Battle Over COVID-19 Spending Reaches Final Stretch

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Solicitor General Daniel Will


CONCORD — Final legal arguments in a lawsuit over who has the “power of the purse” were filed late Friday in a court case pitting Democratic lawmakers against Republican Gov. Chris Sununu.

The two sides tread familiar territory in the legal briefs as Solicitor General Daniel Will based most of his argument to allow the governor to spend federal CARES Act money without legislative approval on state statutes, while legislative attorneys Gregory Silverman and Paul Twomey used the state constitution as the basis for their argument.

The case was originally dismissed earlier this year, when a superior court judge ruled lawmakers did not have standing to bring the suit because harm had not occurred, but reconsidered last month saying members of the Joint Legislative Fiscal Committee do have standing.

The lawmakers seek to block Sununu from spending the $1.25 billion in CARES Act money without fiscal committee approval.

When Hillsborough County Superior Court North Judge David Anderson reinstated the case, he asked to hear additional legal arguments on the merits of the case before a final ruling.

Sununu claims a 2002 law gives governors expansive authority in an emergency to accept and spend money as he or she sees fit in order to protect the health and safety of state residents.

He claims governors may accept the federal funds and determine where to spend the money without Fiscal Committee approval, or Executive Council action on individual contracts.

In his filing last week, Will argued “It is apparent from their plain language that RSA 4:45, RSA 4:47, and RSA 21-P:43 were designed to unmoor the Governor from the regular administrative processes that exist during non-emergent times,” Will writes, “so that he may act quickly, decisively, and spontaneously in response to an emergency.”

He goes on to claim that allows the governor to not only to accept the federal money, and spend it where he determines it is needed, but also to transfer already appropriated money among different agencies and budget lines.

Will argues the law cited by lawmakers for the need for legislative approval does not apply because the governor did not seek the federal money and only applies a civil state of emergency not a state of emergency.

“The Fiscal Committee cannot appropriate, and its existence is not established by or referenced in the New Hampshire Constitution,” Will writes. “Rather, it serves solely as a ‘legislative watchdog,’ with the power to review spending, investigate, and audit expenditures.”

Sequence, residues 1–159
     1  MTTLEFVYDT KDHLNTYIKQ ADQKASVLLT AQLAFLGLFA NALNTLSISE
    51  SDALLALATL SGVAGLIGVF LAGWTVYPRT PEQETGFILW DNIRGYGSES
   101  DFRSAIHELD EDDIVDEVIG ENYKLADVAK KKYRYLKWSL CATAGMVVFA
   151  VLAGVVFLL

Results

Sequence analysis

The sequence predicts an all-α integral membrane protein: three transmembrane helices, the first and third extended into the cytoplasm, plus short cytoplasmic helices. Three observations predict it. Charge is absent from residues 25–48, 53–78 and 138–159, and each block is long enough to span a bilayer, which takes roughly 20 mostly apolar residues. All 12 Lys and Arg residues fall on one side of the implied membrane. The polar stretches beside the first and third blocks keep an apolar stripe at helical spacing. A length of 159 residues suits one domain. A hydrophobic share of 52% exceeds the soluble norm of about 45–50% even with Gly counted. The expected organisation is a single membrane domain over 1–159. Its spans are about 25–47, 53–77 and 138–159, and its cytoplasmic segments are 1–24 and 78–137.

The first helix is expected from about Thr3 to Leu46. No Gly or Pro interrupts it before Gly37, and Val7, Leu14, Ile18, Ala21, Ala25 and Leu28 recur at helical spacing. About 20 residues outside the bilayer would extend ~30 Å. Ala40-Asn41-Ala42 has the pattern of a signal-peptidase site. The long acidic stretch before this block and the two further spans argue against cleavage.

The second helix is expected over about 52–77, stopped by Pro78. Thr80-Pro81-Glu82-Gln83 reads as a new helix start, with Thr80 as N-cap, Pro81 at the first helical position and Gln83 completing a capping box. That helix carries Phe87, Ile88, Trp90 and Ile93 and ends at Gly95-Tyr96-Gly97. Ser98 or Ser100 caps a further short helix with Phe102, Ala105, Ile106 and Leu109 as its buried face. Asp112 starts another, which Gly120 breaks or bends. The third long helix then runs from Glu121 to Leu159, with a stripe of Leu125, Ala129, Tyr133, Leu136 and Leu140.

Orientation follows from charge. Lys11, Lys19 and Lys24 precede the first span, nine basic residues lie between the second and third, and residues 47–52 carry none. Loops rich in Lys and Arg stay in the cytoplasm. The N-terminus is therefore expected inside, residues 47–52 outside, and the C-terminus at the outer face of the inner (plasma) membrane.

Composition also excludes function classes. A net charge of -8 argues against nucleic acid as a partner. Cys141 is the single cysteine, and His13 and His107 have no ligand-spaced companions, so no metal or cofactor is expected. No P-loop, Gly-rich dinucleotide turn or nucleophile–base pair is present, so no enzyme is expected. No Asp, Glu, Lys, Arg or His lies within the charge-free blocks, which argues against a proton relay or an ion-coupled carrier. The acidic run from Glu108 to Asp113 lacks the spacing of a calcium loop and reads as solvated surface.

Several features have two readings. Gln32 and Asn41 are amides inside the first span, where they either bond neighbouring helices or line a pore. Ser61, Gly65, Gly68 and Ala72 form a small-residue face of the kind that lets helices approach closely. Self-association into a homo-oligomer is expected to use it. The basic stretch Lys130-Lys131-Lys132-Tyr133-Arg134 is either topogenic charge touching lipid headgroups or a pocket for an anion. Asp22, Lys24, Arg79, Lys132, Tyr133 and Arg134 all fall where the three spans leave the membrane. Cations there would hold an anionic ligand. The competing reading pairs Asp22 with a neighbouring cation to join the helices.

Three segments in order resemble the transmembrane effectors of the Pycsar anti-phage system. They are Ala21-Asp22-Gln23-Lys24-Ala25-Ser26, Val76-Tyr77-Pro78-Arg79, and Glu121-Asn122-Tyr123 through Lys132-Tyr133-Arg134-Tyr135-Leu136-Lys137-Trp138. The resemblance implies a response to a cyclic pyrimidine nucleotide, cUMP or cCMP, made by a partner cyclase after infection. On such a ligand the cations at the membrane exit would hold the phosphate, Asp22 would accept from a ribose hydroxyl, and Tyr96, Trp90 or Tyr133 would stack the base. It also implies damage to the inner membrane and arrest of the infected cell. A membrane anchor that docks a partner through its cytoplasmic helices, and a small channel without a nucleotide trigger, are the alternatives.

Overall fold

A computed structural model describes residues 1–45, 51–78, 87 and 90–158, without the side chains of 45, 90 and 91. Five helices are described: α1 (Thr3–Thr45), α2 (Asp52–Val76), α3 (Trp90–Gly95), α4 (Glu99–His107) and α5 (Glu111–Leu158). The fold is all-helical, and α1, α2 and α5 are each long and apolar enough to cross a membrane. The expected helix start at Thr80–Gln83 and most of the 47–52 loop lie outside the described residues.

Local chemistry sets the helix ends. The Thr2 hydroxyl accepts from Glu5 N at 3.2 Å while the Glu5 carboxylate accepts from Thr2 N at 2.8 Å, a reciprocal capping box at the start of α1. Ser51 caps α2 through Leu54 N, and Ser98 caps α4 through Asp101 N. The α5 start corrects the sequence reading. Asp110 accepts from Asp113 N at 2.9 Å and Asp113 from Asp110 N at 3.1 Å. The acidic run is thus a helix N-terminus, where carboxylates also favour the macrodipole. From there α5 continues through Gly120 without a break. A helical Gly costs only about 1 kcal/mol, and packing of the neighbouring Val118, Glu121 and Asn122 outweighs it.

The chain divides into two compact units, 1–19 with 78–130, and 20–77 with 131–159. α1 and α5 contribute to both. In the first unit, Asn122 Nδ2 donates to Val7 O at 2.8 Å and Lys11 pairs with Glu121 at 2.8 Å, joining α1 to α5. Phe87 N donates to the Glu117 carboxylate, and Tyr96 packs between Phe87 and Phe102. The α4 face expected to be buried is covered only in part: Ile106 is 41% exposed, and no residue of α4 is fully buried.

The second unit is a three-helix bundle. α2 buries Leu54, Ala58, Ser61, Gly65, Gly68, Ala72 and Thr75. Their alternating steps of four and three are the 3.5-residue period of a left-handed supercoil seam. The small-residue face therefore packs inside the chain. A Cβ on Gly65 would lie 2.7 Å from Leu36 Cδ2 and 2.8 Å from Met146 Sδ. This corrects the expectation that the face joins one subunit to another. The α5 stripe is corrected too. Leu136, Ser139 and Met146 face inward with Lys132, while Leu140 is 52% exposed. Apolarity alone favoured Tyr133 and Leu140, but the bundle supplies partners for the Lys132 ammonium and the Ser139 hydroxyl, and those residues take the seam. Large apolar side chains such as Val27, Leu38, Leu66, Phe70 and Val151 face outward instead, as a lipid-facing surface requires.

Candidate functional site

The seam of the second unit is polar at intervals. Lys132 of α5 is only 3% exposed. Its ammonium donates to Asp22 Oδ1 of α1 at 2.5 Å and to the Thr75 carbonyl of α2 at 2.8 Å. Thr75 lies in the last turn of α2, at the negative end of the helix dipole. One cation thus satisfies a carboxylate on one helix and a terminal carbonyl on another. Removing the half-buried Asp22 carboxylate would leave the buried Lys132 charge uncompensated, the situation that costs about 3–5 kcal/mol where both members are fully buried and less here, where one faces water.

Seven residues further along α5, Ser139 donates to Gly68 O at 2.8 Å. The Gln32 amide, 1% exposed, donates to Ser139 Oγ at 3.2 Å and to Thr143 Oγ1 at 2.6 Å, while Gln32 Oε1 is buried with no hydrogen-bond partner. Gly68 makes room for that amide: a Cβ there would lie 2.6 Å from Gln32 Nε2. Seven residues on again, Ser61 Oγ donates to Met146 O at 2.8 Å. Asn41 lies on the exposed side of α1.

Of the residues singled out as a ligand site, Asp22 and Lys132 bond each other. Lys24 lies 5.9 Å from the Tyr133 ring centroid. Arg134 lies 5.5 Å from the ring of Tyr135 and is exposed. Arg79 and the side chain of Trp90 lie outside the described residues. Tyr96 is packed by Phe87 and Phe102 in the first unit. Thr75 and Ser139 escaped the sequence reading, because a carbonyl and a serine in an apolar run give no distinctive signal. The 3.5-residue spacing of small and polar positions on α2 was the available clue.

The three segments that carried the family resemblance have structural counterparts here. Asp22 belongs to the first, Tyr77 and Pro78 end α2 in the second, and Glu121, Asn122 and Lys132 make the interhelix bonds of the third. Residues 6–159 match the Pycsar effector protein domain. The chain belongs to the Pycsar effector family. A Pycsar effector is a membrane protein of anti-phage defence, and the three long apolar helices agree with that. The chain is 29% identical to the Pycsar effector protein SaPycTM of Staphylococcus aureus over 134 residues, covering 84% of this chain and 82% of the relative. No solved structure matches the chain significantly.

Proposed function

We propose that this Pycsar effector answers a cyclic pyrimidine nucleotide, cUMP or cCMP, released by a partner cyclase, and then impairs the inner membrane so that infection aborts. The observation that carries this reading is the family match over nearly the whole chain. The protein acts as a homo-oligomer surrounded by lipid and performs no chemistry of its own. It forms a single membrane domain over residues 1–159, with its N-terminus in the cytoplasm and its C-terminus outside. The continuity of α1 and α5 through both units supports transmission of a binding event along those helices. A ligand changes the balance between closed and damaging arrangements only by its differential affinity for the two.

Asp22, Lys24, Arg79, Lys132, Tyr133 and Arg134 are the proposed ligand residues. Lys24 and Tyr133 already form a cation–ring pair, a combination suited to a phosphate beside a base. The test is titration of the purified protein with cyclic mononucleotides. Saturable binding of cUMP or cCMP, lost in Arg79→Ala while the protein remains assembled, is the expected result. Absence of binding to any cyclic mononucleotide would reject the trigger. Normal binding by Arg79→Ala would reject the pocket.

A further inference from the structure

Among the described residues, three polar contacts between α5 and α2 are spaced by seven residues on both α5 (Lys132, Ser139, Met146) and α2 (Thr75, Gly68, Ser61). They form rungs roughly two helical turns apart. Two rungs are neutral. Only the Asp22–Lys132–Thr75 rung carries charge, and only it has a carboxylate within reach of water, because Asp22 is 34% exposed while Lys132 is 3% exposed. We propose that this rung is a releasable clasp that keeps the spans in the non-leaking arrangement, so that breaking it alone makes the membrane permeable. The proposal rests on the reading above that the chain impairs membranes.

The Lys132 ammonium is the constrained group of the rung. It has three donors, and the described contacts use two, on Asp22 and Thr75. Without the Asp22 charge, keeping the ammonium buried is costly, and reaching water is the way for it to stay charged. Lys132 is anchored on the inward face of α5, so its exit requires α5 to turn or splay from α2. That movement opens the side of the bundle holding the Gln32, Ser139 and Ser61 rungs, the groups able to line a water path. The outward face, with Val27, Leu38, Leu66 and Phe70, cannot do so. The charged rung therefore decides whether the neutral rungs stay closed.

He claims lawmakers have “failed to state a claim upon which relief can be granted. None of the statutes the plaintiffs advance control or otherwise restrict or augment the emergency.”

Lawmakers argue the governor’s contention is both illegal and unconstitutional.

They claim the governor’s action violates three provisions of the constitution, including “disbursements from treasury;” “governor, extreme executive magistrate,” and “separation of powers.”

Well-established law makes it clear, the lawmakers argue, that both the state and federal constitutions grant the “power of the purse” to the legislature with its more diverse interests instead of resting the decision on one person.

The attorneys claim the governor’s spending powers have been limited for some time without legislative approval.

“The legislature first granted the governor additional powers during a state of emergency (SOE) – not after the national tragedy of September 11th – but in 1953,” Silverman and Twomey write. “Since then, the language of RSA 4:45, III(e) and RSA 21-P:43 has changed statutory homes, but remained constant.”

The law the governor cites for expanded powers moved the Office of Emergency Management from the governor’s office to the Department of Safety, but did not expand the governor’s authority beyond what had been granted previously.

“Governor Sununu has subjected the state’s fiscal policymaking to his personal prerogatives during this SOE. He first claimed that the serious and unpredictable nature of this pandemic necessitated a unification of separated constitutional powers within himself,” the legislature’s attorneys write. “Since then, he has consistently publicized the benefactors of his personal appropriations, and amplified those who thank him for his funding decisions. His unilateral control over the state’s purse strings during this SOE have raised questions about the accumulation of unbounded power in one man to reward ‘political allies.’”

The Democratic lawmakers ask the judge to block any further spending, noting only $250 million to $300 million remains from the CARES Act money.

While it has been allocated to various programs to help businesses, health care providers, and non-profit organizations, much of the money has yet to be spent, which it has to be by the end of the year or returned to the federal government.

Sununu established the Governor’s Office for Emergency Relief and Recovery to oversee the distribution of the CARES Act money.

Garry Rayno may be reached at

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